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I have a plane curve $C$ described by parametric equations $x(t)$ and $y(t)$ and a function $f: \mathbb{R}^2 \rightarrow \mathbb{R}$. The line integral of $f$ along $C$ is the area of the "fence" whose path is governed by $C$ and height is governed by $f$.

enter image description here

How can I generate a picture of the "fence" in Mathematica?

For the sake of a concrete example, let's borrow from Stewart (since I already borrowed his picture). For $0 \leq t \leq \pi$, define $$ \begin{align*} x(t) &= \cos t\\ y(t) &= \sin t\\ f(x,y) &= 2 + x^2y \end{align*} $$ so that $$ \begin{align*} f(x(t),y(t)) &= 2 + \cos^2 t \sin t. \end{align*} $$

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    $\begingroup$ Check out ParametricPlot3D. $\endgroup$ – Rahul Nov 10 '14 at 4:18
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 ListPointPlot3D[
                 Table[{Cos[t], Sin[t], 2 + Sin[t] Cos[t]^2} ,{t, 0, π, 0.01}] , 
                 Filling -> 0]

Mathematica graphics

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  • $\begingroup$ Simple code and beautiful output. Thank you. $\endgroup$ – Austin Mohr Nov 10 '14 at 5:03
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    $\begingroup$ It should be Filling -> 0, though. $\endgroup$ – Rahul Nov 10 '14 at 5:08
  • $\begingroup$ Yes, corrected now. Thanks! $\endgroup$ – Sander Nov 10 '14 at 5:15
  • $\begingroup$ @belisarius Thanks for including the graph! $\endgroup$ – Sander Nov 10 '14 at 13:06
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opts = {MeshFunctions -> (#4 &), 
        MeshShading ->   {{Opacity[#2], #1}, {Opacity[#2/2], #1}}, 
        BoxRatios ->     {1, 1, 1/2}, 
        BoundaryStyle -> Directive[Thin, Blue]} &; 
Show[
 ParametricPlot3D[{Cos[t], Sin[t], z (2 + Sin[t] Cos[t]^2)}, {t, 0, π/2}, {z, 0, 1}, 
                  Evaluate@opts[Green, .4]], 
 ParametricPlot3D[{Cos[t], z Sin[t], 0 }, {t, 0, π/2}, {z, 0, 1},
                  Evaluate@opts[Blue, .2]],
 ParametricPlot3D[{z Cos[t], Sin[t], 0 }, {t, 0, π/2}, {z, 0, 1}, 
                  Evaluate@opts[Blue, .2]]]

Mathematica graphics

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I have not done the labeling but this is a start:

axes[n_] := 
  With[{uv = n IdentityMatrix[3]}, 
   Graphics3D[{Arrow[{{0, 0, 0}, #}] & /@ uv, 
     MapThread[
      Text[#1, 1.1 #2] &, {Style[#, 20] & /@ {"x", "y", "z"}, uv}]}, 
    Boxed -> False]];
p = ParametricPlot3D[{Cos[t], Sin[t], u (2 + Cos[t]^2 Sin[t])}, {t, 0,
     Pi/2}, {u, 0, 1}, MeshFunctions -> {#4 &, #5 &}, 
   Mesh -> {10, {0.99}}, 
   MeshStyle -> {Directive[Blue, Thick], 
     Directive[Red, Thickness[0.01]]}, Boxed -> False, 
   PlotStyle -> {LightBlue, Opacity[0.5]}, Axes -> False];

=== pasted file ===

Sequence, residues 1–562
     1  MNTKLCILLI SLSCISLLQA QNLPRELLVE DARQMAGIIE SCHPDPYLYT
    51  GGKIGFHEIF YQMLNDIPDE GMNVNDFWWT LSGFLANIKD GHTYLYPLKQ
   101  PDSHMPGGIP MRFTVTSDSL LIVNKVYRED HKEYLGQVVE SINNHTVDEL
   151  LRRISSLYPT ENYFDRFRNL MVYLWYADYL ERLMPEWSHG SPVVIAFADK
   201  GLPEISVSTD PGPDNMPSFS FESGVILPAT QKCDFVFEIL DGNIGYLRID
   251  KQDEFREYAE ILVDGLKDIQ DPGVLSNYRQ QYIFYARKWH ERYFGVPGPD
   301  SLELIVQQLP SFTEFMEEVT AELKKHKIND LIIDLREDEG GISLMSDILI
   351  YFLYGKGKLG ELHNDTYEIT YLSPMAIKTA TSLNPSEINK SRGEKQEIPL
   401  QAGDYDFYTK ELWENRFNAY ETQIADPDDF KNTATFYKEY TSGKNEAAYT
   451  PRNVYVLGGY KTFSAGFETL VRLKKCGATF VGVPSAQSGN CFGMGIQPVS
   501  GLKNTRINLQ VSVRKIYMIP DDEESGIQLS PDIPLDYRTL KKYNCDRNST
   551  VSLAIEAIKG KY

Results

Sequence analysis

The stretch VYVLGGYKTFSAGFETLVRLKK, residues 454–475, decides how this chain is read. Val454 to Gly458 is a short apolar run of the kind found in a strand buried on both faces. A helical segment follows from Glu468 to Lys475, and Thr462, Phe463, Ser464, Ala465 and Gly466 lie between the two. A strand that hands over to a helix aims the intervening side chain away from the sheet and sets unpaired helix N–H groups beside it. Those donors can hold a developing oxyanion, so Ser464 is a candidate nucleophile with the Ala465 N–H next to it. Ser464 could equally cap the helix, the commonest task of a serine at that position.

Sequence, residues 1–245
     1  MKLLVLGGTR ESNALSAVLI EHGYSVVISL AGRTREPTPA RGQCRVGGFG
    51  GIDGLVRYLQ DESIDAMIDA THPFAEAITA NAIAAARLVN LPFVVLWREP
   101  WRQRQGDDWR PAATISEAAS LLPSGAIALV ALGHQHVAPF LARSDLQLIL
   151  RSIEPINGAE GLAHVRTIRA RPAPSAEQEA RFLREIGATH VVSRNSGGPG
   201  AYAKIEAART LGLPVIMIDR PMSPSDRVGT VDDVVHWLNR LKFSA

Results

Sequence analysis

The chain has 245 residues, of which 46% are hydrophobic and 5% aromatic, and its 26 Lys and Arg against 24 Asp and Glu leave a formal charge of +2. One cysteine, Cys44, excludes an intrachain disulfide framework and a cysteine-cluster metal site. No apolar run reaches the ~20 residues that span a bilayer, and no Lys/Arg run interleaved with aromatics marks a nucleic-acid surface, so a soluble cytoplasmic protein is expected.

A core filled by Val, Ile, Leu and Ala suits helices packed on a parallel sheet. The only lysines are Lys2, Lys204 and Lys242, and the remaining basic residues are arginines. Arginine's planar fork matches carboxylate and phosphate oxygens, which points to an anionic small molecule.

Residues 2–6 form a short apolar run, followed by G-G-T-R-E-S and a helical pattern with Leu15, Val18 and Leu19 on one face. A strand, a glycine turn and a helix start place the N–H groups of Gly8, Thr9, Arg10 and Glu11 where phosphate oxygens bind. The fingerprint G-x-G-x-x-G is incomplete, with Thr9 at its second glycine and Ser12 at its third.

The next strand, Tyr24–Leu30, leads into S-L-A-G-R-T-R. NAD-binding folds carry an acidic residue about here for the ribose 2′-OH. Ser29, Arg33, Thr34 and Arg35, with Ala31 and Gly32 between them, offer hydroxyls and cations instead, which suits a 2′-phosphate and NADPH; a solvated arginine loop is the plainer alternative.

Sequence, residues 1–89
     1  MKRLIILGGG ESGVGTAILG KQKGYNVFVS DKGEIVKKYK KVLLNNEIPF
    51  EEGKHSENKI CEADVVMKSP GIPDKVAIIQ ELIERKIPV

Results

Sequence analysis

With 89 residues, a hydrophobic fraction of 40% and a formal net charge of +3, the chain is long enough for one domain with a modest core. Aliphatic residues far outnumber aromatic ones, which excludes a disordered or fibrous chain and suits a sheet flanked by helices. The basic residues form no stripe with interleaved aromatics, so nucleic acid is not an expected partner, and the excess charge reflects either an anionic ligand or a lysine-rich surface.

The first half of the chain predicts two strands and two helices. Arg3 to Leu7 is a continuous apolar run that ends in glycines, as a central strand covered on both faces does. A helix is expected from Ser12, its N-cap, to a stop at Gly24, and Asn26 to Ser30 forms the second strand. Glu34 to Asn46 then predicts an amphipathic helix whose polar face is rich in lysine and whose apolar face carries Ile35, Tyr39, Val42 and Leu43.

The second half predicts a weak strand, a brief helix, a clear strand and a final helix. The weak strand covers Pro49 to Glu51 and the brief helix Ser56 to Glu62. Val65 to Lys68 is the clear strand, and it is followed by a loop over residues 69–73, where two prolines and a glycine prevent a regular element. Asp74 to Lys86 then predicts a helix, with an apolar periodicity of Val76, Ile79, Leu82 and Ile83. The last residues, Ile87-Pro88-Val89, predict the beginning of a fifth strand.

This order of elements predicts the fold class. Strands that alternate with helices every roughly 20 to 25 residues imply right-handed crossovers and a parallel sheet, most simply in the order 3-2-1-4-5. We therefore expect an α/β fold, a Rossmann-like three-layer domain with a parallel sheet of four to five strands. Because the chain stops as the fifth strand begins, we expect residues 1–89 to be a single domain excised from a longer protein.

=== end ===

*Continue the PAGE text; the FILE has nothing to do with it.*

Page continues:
Show[axes[3], p]

enter image description here

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This is just a small tweak of Belisarius' answer, using MeshFunctions to get the vertical lines and BoundaryStyle to get the "fence".

ParametricPlot3D[{Cos[t], Sin[t], z (2 + Sin[t] Cos[t]^2)}, {t, 
  0, \[Pi]/2}, {z, 0, 1}, MeshFunctions -> {#2 &}, MeshStyle -> {Red},
  BoundaryStyle -> Directive[Thick, Blue], BoxRatios -> {1, 1, 1/2}, 
 PlotStyle -> Opacity[.5]]

enter image description here

An alternative that gives more "even" vertical lines is to specify the mesh in terms of t and z.

ParametricPlot3D[{Cos[t], Sin[t], z (2 + Sin[t] Cos[t]^2)}, {t, 
  0, \[Pi]/2}, {z, 0, 1}, 
 Mesh -> {Range[0, 1, 0.1], Range[0, 2, 0.5], Range[0, 1, 0.1]}, 
 MeshStyle -> {Directive[Red, Thick], Directive[Green, Thick]}, 
 BoundaryStyle -> Directive[Blue, Thick], BoxRatios -> {1, 1, 1/2}, 
 PlotStyle -> Opacity[.5]]

enter image description here

And as Belisarius points out in comments (I'm going to have to CW this one!), MeshFunctions -> {#4 &} is even evener :)

ParametricPlot3D[{Cos[t], Sin[t], z (2 + Sin[t] Cos[t]^2)}, {t, 
  0, \[Pi]/2}, {z, 0, 1}, MeshFunctions -> {#4 &}, MeshStyle -> {Red},
  BoundaryStyle -> Directive[Thick, Blue], BoxRatios -> {1, 1, 1/2}, 
 PlotStyle -> Opacity[.5]]

enter image description here

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  • $\begingroup$ @ubpdqn - I've added the other example. I probably should have included it in the first iteration (I'd already thought of it) but focused on BoundaryStyle as the value I was adding. $\endgroup$ – Verbeia Nov 10 '14 at 6:39
  • $\begingroup$ MeshFunctions -> {#4 &}? $\endgroup$ – Dr. belisarius Nov 10 '14 at 6:40
  • $\begingroup$ I thought the mesh should be able to do it, but it exceeded my skill. Thanks to you and belisaurius for getting this out of ParametricPlot3D. $\endgroup$ – Austin Mohr Nov 10 '14 at 16:16

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